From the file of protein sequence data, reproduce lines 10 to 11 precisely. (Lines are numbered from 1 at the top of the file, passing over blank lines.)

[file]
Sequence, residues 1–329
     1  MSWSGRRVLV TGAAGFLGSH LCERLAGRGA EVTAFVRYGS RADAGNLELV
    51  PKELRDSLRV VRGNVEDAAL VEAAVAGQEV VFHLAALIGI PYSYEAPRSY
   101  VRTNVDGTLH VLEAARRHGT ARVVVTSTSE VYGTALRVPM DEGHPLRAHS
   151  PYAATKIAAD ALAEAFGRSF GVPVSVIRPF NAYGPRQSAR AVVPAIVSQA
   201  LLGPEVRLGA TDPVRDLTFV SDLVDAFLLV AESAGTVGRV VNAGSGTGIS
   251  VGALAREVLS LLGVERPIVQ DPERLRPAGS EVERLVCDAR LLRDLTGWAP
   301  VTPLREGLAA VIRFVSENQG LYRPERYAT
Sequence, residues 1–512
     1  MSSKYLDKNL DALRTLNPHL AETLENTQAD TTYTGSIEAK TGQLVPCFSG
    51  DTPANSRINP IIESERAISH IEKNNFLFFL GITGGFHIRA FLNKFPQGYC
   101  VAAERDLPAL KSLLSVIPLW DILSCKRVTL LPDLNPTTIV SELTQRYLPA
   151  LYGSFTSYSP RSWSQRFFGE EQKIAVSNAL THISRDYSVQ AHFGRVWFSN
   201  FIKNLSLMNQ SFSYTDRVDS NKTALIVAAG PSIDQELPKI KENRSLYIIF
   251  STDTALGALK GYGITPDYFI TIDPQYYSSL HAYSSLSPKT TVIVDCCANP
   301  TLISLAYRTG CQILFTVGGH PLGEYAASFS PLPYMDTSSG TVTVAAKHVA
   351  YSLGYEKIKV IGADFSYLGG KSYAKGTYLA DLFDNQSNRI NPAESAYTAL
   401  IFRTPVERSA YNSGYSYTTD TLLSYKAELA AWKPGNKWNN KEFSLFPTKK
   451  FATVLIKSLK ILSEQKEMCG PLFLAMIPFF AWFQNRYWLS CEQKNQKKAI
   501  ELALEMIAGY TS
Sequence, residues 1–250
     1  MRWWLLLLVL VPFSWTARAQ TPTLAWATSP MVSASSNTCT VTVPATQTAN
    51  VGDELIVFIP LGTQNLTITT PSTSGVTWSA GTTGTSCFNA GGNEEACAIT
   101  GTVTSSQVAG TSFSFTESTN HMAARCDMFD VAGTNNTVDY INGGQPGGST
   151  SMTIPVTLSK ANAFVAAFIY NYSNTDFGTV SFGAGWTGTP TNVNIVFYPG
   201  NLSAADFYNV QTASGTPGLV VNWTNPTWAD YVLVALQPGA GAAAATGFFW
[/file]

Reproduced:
     1  MSSKYLDKNL DALRTLNPHL AETLENTQAD TTYTGSIEAK TGQLVPCFSG
    51  DTPANSRINP IIESERAISH IEKNNFLFFL GITGGFHIRA FLNKFPQGYC